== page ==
I’m one of the few people who seems to be immune to the hold that Gone with the Wind has on the public – don’t get me wrong, it’s a good film – and the cast, especially Vivien Leigh, Clark Gable and Hattie McDaniel – is great. But I always found its legacy and its reputation larger than the quality of the film itself.
With this in mind, I found Molly Haskell’s book, Frankly, My Dear: Gone with the Wind Revisted, interesting. For the same reasons that I found the film problematic, Haskell defends both the film and the original source material, Margaret Mitchell’s epic tome.
I approached this book, expecting a feminist slant on Gone with the Wind; I’m very familiar with her book, From Reverence to Rape, in which she looked at how women were portrayed in films. But Haskell seems far more interested in examining Mitchell’s place in popular culture and literature, as well as the film itself. She also plays the film critic, analyzing the performances and script.
I found the back story of Gone with the Wind very interesting. The journey toward casting Scarlett O’Hara is pretty legendary, and Haskell writes about the different actresses who were spurned in favor of Leigh. One interesting factoid is Norma Shearer thought herself to be a frontrunner, but when she realized she wasn’t getting the part, held a press conference, graciously conceding the role. Also interesting is how coolly Haskell appraised Gable’s and Leslie Howard’s performances – she has a dim view of Gable’s thespian qualities, and found Howard to be lackluster. Of course, like most critics and audiences, she was impressed with Leigh’s work – but again, she’s pretty harsh on her career as a whole, even going as far as criticizing her other iconic performance in the film version of Tennessee Williams’ Streetcar Named Desire.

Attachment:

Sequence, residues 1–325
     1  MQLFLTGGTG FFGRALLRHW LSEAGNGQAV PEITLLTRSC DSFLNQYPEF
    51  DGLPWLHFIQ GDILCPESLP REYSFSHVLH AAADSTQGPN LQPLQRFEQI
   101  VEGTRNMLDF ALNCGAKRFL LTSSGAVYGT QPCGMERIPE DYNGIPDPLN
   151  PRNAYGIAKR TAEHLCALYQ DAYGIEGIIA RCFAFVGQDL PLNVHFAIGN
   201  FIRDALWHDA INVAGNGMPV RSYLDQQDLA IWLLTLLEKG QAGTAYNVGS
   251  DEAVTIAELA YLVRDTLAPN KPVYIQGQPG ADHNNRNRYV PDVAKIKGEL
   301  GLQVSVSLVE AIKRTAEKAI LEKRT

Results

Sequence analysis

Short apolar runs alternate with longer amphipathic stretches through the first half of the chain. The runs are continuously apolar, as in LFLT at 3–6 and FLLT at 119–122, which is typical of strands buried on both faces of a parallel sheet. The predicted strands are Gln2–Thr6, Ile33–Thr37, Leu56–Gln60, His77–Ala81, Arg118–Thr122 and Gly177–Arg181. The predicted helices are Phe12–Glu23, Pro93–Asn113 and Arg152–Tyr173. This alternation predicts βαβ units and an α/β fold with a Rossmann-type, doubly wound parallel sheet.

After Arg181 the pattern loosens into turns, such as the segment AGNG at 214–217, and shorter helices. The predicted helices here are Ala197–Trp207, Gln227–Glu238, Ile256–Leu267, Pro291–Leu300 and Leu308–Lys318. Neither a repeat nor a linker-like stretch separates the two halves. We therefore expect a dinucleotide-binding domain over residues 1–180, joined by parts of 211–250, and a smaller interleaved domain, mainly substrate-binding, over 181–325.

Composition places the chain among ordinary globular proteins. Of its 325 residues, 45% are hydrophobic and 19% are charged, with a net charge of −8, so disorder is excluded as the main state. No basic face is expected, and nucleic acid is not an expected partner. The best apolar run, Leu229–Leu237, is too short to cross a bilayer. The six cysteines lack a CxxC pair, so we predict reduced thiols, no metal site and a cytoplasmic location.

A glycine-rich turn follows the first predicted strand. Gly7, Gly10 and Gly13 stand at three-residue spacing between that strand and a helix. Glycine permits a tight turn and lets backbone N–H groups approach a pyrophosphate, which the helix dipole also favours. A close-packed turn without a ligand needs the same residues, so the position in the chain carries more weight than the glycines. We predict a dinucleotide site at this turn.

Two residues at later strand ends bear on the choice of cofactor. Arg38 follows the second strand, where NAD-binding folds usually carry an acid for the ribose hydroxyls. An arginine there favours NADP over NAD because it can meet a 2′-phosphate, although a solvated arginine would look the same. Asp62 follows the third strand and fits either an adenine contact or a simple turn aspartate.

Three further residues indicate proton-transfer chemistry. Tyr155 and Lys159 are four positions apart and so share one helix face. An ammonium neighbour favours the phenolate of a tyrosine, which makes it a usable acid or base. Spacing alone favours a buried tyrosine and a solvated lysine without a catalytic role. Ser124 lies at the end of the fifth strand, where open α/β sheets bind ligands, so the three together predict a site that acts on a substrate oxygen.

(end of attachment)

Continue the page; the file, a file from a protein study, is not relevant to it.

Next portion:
Also interesting is how Haskell looks at Mitchell’s contemporaries, and tries to explain to her readers on why her work persevered, while other writers – some of who may be stronger writers – have become obscure. She argues that Mitchell’s work combines the best of historical fiction as well as popular fiction.
I read this book on my way back home from my trip to Milwaukee. I was able to finish the book in the hour and a half that it took for Amtrak to drop me off at the station in Chicago. It’s a breezy read – Haskell’s an engaging writer. She tries to recast Mitchell as an unheralded feminist – a hard sell, that doesn’t exactly hold, but it’s still an enjoyable read.